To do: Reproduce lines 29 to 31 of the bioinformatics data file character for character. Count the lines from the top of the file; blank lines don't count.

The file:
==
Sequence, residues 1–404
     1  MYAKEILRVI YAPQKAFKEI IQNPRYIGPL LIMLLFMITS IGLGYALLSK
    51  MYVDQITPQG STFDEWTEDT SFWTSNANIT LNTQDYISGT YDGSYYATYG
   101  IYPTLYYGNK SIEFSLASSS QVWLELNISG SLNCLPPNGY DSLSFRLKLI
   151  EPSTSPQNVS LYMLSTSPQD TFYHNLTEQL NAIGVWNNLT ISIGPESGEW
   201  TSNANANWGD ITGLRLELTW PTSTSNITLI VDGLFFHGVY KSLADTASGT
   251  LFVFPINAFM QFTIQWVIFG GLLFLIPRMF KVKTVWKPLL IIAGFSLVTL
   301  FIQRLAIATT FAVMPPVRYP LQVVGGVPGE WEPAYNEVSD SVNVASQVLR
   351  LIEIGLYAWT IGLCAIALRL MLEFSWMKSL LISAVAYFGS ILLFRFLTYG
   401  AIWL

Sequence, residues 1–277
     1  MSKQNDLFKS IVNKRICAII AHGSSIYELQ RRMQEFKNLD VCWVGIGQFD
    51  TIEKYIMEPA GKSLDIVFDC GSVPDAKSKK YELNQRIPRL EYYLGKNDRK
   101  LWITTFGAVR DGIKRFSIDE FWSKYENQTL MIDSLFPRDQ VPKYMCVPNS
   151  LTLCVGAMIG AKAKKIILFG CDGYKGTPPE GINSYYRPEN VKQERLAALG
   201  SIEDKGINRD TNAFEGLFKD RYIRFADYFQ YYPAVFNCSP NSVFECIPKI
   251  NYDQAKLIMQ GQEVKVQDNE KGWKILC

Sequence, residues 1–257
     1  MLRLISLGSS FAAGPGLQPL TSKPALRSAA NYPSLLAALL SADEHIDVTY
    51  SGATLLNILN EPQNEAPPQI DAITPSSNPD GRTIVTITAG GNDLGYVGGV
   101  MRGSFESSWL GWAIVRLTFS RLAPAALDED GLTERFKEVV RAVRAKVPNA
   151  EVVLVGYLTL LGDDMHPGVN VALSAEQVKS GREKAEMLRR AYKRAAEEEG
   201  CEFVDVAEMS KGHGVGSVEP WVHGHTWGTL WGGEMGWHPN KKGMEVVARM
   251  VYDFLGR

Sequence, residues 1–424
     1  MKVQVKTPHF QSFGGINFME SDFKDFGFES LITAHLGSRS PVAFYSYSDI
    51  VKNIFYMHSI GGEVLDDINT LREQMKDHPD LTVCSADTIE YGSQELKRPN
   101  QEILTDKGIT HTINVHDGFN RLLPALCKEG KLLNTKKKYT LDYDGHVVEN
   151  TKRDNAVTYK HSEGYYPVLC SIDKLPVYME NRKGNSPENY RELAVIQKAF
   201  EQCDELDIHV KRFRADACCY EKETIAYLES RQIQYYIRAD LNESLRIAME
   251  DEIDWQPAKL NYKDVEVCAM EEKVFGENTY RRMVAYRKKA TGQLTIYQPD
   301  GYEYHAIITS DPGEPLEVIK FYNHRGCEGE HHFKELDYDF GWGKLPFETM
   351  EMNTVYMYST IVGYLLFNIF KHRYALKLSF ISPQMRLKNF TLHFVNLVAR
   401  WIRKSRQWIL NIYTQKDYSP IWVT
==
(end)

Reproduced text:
   151  TKRDNAVTYK HSEGYYPVLC SIDKLPVYME NRKGNSPENY RELAVIQKAF
   201  EQCDELDIHV KRFRADACCY EKETIAYLES RQIQYYIRAD LNESLRIAME
   251  DEIDWQPAKL NYKDVEVCAM EEKVFGENTY RRMVAYRKKA TGQLTIYQPD